The creative part of the editorial board's work has not changed a bit. Last week I was invited to see the Minister of Information, Mr. Lutsky, who started another conversation about how the newspaper criticises the authorities very harshly. The authorities are naturally not happy about this.
I replied that during the same tough times earlier, either a presidential advisor or the head of the administration would have approached me saying the authorities had been unhappy with my newspaper and asking what I was going to do about it.
I would have answered them the same I was going to answer him, “The newspaper has always been published in compliance with each and every legal act. The newspaper will be published on the basis of our legislation and the moral principles of employees, staff, and editor-in-chief.”
We're not going to serve anyone today. We are not a party body. We are not a body catering to the financial interests of a bunch of oligarchs. We are a private, independent, democratic newspaper.
We stand in solidarity with our colleagues, and we have expanded our editorial staff. For example, TUT.BY [the country's major online news portal] had its media status revoked, so its journalists and photojournalists do not have the opportunity to participate in and cover events. We are a media organization, and we stand in solidarity, so I issued an order and included some of them in our editorial staff, gave them new press cards.
As a result, today they can offer coverage of the mass protests, and many of them have documents confirming their employment with Narodnaya Volya. However, they have also been detained and convicted – in Gomel and in Minsk. So it goes: this is the fate of the press today. The only thing that matters is that we do not feel ashamed later for having retreated, stepped aside out of fear.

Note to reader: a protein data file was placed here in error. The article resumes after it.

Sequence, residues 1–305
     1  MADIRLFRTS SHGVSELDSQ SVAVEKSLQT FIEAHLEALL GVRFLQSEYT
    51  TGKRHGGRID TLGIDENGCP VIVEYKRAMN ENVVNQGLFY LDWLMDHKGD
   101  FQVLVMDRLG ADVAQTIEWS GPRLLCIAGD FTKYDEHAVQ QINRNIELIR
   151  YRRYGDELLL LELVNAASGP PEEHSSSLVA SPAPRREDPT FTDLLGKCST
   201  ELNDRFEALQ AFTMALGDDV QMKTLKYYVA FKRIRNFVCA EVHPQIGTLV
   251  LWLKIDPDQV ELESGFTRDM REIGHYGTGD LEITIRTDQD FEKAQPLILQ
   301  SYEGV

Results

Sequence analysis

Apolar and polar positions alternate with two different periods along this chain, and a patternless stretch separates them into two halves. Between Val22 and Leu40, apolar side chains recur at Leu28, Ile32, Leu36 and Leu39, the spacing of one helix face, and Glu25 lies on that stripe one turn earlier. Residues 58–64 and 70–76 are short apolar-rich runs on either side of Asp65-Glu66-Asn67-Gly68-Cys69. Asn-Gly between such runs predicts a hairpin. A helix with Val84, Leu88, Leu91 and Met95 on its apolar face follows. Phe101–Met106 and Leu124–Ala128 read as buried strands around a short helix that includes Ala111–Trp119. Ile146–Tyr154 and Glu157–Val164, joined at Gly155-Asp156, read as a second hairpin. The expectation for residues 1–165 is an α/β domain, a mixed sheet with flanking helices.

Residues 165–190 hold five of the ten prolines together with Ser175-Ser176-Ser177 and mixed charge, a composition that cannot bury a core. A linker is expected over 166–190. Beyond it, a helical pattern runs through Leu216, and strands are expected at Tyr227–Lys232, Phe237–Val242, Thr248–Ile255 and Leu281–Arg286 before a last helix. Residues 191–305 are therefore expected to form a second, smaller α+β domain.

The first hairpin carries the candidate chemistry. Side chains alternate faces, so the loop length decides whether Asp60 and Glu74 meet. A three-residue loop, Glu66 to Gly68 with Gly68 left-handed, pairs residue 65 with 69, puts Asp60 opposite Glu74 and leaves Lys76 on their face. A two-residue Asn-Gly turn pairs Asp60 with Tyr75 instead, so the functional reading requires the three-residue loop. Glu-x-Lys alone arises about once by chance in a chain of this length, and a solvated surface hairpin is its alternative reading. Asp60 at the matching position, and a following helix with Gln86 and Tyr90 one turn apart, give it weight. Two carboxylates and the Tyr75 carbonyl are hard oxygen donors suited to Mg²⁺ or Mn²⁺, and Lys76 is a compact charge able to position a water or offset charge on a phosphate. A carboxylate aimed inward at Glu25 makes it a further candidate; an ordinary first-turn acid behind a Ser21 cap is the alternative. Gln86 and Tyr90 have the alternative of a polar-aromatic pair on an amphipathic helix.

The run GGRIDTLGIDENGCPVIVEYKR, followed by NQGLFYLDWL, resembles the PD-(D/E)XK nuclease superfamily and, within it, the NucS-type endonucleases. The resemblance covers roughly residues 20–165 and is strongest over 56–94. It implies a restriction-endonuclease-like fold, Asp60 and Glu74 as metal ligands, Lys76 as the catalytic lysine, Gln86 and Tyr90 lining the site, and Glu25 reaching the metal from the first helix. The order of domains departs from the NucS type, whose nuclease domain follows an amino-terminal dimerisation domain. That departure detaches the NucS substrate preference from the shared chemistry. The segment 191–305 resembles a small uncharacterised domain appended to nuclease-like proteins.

The print press still has a significant audience. Hundreds of people contact me today. These people are mostly of mature age, because young people prefer new technologies more, while the middle-aged still want to hold a newspaper in their hands, and they represent a significant part of the population.
This newspaper can also later be passed from hand to hand. On the front page of every issue we put a slogan over the name of the newspaper that reads "Read and pass on". Thus, one copy of the newspaper can be read by tens, if not hundreds, of people, until it finally wears thin.
The authorities have their own printed newspapers, but they are all biased, and our newspapers – independent, non-state ones – expose their fraud and their lies. To avoid such revelations, the authorities crack down on these few democratic newspapers.
After all, when the population see no counterarguments; when they don't even know there might be the other side to the story, a different point of view, or another perspective; it is easy to zombify them, and beat anything the authorities want into their heads.
They clearly believe that if they close down the few printed newspapers, there will only be state television, state radio, and state newspapers left, and people will have no other perspective…